Due to some physical limitations, such as the presence of obstacles in the field, feathering on the sea, and economical consideration, such as reducing recorded data intentionally in order to save acquisition cost, and other different reasons, seismic records are typically irregularly sampled, or regularly but under-sampled. Seismic data interpolation is such a crucial part in the whole seismic data processing workflow that deals with this problem. It can compensate for the acquisition limitation and help prepare a dense and regularly sampled seismic dataset for subsequent seismic imaging and inversion. Meanwhile, seismic data reconstruction is also an important procedure to improve the amplitude quality and to remove sampling artifacts, which is of significant importance for subsequent processing workflows including high-resolution processing, amplitude preservation migration and amplitude-versus-offsets (AVO) analysis.

During the past decades, there have been several classical methods for seismic data reconstruction. A number of fixed basis sparsity-promoting transforms have been proposed for restoring seismic data, e.g. the Fourier transform Chen et al. (2014a); Naghizadeh (2012); Sacchi et al. (1998); Zhong et al. (2015), the Radon transform Trad et al. (2002); Wang et al. (2010); Yu et al. (2007), the curvelet transform Shahidi et al. (2013); Herrmann and Hennenfent (2008); Liu et al. (2015a) and the seislet transform Gan et al. (2015,2016a); Fomel and Liu (2010). Spatial predication filters are capable of interpolating aliased data by utilizing non-aliased low frequency data Parsani (1999). Wave equation methods always require prior distribution of underground parameters, which are computational expensive Ronen (1987). Rank reduction methods are based on the fact that missing traces and random noise can increase the rank of matrix, such as multichannel singular spectrum analysis (MSSA) Oropeza and Sacchi (2011); Gao et al. (2013).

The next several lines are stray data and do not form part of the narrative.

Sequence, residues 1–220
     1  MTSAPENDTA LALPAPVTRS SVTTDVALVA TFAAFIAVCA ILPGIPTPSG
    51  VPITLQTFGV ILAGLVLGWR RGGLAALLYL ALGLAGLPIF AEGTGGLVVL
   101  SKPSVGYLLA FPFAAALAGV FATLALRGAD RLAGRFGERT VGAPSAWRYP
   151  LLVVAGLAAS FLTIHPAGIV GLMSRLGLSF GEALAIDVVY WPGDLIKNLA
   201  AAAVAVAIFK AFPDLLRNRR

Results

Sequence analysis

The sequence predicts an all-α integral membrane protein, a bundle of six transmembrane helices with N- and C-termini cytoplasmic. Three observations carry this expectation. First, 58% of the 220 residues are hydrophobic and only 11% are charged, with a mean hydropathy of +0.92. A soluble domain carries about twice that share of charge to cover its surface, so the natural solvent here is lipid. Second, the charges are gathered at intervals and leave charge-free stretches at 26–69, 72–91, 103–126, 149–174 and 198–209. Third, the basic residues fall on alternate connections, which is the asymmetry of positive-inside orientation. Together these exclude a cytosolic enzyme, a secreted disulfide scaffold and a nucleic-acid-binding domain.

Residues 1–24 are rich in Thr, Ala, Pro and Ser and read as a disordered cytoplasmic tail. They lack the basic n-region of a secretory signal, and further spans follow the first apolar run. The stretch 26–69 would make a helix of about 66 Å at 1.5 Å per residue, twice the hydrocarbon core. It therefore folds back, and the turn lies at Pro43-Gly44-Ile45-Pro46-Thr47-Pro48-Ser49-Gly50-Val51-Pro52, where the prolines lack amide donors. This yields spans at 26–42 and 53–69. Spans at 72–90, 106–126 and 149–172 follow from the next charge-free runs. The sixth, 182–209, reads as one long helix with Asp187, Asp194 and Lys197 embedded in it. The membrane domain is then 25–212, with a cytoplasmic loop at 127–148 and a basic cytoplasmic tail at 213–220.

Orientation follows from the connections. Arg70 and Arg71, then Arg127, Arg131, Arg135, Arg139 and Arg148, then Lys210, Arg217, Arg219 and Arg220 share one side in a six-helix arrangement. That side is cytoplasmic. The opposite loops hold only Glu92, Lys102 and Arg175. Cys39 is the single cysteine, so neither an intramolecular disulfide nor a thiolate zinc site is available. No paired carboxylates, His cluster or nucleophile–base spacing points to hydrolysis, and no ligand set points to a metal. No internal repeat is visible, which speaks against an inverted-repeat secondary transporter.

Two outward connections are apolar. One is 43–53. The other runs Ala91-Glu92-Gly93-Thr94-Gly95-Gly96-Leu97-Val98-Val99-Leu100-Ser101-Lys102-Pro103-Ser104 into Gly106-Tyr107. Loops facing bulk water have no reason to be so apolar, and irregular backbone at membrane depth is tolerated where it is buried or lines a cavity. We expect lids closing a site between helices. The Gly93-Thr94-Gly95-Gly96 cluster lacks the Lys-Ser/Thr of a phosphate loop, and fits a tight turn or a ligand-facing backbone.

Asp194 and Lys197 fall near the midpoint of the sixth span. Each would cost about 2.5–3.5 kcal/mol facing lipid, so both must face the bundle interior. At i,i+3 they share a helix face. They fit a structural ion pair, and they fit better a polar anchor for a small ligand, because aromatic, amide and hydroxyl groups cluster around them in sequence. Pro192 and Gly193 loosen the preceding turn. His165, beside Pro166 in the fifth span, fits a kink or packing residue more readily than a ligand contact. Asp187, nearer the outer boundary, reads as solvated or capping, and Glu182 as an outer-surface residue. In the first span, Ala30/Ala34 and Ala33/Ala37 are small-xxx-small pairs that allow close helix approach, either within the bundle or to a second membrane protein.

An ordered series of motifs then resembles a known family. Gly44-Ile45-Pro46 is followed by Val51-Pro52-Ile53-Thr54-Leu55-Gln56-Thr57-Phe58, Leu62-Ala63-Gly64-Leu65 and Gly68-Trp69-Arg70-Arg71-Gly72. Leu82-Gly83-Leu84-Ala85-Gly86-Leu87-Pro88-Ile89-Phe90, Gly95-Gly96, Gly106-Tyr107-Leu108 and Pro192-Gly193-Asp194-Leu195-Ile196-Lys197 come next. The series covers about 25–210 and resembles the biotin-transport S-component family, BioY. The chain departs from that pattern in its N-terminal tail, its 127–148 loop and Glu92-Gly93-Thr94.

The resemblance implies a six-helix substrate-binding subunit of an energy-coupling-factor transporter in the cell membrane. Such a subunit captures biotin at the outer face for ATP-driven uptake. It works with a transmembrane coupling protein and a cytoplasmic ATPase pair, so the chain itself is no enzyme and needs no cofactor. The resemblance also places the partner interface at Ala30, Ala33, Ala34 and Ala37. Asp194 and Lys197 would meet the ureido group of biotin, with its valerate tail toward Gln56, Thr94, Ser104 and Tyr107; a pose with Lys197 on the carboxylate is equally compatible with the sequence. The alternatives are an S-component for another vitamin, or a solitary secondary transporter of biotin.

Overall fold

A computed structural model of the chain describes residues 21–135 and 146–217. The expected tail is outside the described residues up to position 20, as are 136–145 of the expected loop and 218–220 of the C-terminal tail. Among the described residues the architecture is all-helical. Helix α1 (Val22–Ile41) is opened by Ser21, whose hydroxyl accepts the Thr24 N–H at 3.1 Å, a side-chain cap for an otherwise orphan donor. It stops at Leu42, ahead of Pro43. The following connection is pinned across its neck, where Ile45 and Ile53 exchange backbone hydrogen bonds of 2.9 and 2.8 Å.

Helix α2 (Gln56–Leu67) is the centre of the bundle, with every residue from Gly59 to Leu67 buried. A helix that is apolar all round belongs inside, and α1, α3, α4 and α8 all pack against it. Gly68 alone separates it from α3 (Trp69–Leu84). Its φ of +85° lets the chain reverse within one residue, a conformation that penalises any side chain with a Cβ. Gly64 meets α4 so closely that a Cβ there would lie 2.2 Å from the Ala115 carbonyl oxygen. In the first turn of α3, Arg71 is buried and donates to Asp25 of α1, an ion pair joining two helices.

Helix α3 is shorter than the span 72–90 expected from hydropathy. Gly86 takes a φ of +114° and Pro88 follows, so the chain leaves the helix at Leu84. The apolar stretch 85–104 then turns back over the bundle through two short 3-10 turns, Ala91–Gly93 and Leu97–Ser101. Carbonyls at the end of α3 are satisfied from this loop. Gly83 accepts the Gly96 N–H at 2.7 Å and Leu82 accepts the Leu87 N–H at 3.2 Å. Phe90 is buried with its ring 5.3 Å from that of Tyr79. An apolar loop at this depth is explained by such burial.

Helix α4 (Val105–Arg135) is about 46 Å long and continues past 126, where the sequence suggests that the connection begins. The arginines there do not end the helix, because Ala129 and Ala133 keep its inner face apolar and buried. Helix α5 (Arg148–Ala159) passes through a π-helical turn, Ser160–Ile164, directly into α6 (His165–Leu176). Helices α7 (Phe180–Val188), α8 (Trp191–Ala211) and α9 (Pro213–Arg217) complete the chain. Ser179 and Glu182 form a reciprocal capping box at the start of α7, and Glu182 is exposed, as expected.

Interpolation of irregularly sampled data has been well solved by using a number of methods belonging to the emerging research field: compressive sensing Donoho (2006). The interpolation problem is transformed into a denoising problem in some sparse transform domains. The commonly used approach for dealiased seismic interpolation is the prediction based approach Spitz (1991), which uses the low-frequency components to design a prediction error filter for interpolating high-frequency missing components (Spitz's method).

Gan et al. (2015) proposes a sparse transform based interpolation method based on the seislet transform. The under-sampled regularly sampled data will be sparse in the seislet domain provided that an accurate local slope field can be obtained. To get such accurate slope map, a lot of iterations should be carried out with low-frequency constraints. In this letter, we propose a new algorithm that does not require the iterative slope estimation. The slope map can be easily estimated through velocity-slope transformation Liu and Liu (2013). In the new method, we can use a fairly small number of projection onto convex sets (POCS) iterations to get a very good interpolation result. Both synthetic and field data examples are used to show the performance. Since the velocity-slope transformation is valid only for prestack seismic data, where data structure is relatively simple and the slope is generally positive, the proposed method can only be used in prestack seismic data reconstruction.